“Beware dodgy scammers” sends wrong message

At the behest of the Consumer Affairs Victoria I participated in a widely-covered press interview, jointly with the Minister [The Hon Marlene Kairouz MP: Minister for Consumer Affairs, Gaming and Liquor Regulation] to provide warnings to people about the dangers of romance scams in the lead up to Valentine’s Day this year. Whilst the press articles covered the full story, the TV news shorts offered the message “Beware dodgy scammers”.  There are a number of problems with this message.

  1. It implies that you can determine up front that these people are “dodgy” and “scammers” and so avoid them, when their success is because they are the opposite of this. They appear respectable, reasonable, capable, financially secure, caring and articulate.  They build intimacy and trust, and only when they have you fully in-love and hooked do they ask you for money.  By then it can be too late, and even suggestions that they are scammers are not believed. Though there might be variations in the types of scams, the mechanism is similar – get you to trust them beyond your own reason.
  2. It gives no real red flags to look out for, such as moving contact off the dating site to email and phone, early and strong professions of love, not being in your local area so unable to meet, constant contact, use of stolen photos, scripted emails, and eventually requests for money.
  3. The impact of being caught in a scam is glossed over, but can in fact be devastating emotionally and financially, both short and long term.

It would be better to say something like “only date locals”, though scammers are also skilled at using local phone numbers to convince you they are local, but find excuses for not meeting. Or, “beware declarations of love… it may be a scammer”.

Everyone needs to be aware of the red flags of relationship scams:  To fully understand the warning signs, check out the great examples provided by the Scam Disruption Project of the ACCC or ScamWatch.  Also learn how to do a Google Image search on their photo. Afterwards may be too late.

Here is a list of the press from this interview

The reason I continue to do these press interviews is that most people caught in scams are unwilling to publicise their circumstances, often due to shame, and because family and friends do not know. So I have become an advocate for scam victims. Unfortunately, despite the numbers of victims, the money lost out of Australia, and the consequences for victims, the police in many Australian states continue to do nothing, saying because the money has gone outside of Australia they can do nothing.  They do not even try. I know of several Private Investigators who have been able to identify scammers, and have provided this information to the police, and still they do nothing.  It is unfathomable, and an abuse for those who are victims.  As one of them said, its good enough for Consumer Affairs Victoria to use what you say, but not good enough for the police to do anything about it.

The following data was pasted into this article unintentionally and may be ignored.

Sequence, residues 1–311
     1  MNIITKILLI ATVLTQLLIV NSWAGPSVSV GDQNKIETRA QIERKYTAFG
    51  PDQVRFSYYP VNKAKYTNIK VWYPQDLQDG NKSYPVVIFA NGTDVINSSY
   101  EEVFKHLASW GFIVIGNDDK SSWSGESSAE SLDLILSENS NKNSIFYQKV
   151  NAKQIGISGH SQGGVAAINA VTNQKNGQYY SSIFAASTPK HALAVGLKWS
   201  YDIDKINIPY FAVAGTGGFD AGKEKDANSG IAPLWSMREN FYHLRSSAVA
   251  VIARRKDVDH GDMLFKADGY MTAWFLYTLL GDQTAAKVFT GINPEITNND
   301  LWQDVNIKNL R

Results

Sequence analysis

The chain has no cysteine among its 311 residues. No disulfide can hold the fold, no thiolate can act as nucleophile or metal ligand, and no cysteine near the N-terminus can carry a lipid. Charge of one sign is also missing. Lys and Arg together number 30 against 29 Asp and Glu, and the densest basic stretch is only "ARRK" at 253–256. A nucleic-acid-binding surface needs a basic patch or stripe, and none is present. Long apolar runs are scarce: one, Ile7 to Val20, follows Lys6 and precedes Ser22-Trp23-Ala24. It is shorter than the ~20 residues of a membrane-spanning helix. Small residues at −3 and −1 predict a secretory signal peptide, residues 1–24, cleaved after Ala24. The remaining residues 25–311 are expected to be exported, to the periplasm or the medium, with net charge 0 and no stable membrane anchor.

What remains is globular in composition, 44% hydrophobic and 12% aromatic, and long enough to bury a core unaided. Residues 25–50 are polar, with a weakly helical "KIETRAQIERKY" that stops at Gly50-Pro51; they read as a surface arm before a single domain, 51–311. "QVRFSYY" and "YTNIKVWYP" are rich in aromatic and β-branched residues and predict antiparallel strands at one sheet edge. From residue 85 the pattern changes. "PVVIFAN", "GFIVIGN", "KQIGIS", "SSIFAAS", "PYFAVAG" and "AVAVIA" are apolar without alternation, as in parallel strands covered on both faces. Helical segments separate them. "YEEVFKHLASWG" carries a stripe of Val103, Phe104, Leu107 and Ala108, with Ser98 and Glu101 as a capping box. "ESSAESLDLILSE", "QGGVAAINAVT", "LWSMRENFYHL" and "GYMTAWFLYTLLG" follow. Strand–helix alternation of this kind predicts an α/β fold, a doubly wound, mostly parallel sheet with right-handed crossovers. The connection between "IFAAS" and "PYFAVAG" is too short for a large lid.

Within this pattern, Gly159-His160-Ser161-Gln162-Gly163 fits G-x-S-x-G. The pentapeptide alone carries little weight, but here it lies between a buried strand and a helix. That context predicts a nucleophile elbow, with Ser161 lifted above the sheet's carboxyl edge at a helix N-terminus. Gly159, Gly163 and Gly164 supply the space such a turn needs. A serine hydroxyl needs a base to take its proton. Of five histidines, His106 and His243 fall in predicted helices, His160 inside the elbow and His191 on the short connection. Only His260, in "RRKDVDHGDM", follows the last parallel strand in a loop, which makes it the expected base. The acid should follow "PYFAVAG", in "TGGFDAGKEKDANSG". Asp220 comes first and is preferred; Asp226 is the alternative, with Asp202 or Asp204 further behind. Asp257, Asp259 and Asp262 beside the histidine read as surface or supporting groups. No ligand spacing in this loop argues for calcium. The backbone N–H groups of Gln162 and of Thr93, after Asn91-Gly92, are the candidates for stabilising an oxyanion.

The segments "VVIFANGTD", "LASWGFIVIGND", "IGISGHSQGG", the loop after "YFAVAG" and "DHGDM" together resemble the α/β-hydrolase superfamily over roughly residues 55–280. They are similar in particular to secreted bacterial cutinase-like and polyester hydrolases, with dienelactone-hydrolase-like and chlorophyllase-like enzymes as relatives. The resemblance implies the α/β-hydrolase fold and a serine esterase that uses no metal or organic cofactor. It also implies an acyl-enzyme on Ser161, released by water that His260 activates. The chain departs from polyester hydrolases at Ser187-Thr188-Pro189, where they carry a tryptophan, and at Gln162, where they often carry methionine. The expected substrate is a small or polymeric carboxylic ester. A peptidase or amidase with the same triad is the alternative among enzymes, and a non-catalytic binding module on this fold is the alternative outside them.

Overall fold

Scammer gets 27 years in Jail in US

It has been similar in America, but a recent article indicates maybe the tide is turning, with this article from the River Bender “Prince Charming” behind bars: Nigerian romance scammer nets 27-year prison sentence   that I came across via Twitter.

Convicted scammer  Olayinka Ilumsa Sunmola

Though originally from Lagos, Nigeria, but then based with his gang in South Africa, “Portraying himself as an American soldier stationed overseas, or an engineer working on a large government contract in South Africa, Sunmola cultivated romantic relationships with dozens of women across the country [USA – but most likely Australia as well].”

He has been found guilty and sentenced to 27 years in US jail.  He was originally arrested in London , UK,  on 9 August 2014 as he was boarding a plane back to South Africa, on the basis of the US charges.

The lists of the US agencies/people who worked on the charges shows that increasingly the keyagencies are working together in with a focus on scammers.  Take note, Australian agencies, that you should be doing the same! What you are currently doing is not good enough.

As I said on Twitter [@JanCarMar] when I found this article, I wonder if this is my scammer?  It could be….

Further info on money transfer agencies – MoneyGram

After the last post where I talked about Western Union and the rulings against them, I was provided with rulings against MoneyGram which are similar [Thanks Cassandra Cross].

As much as these rulings show that things are changing, they are changing slowly and the jurisdictional issues mean there is no guarantee we will see any benefit in Australia.  Unfortunately I have to warn – please don’t get your hopes up.

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Jan Marshall

I was the victim on an online romance scam in 2012. In 72 days I gave away all my money, over $260,000 though I did expect it to be returned to me. This blog shares my ongoing research and understanding about what happened to me, how I recovered, and the latest on romance scams.

One thought on ““Beware dodgy scammers” sends wrong message”

  1. Your consistent, well-stated and informed reminders keep me alert to not only romance scammers but scammers in general. We know that things happen for a reason. Your scammer motivated you to become a beacon, a light to the rest of the world. Thank you for your courage and honesty.

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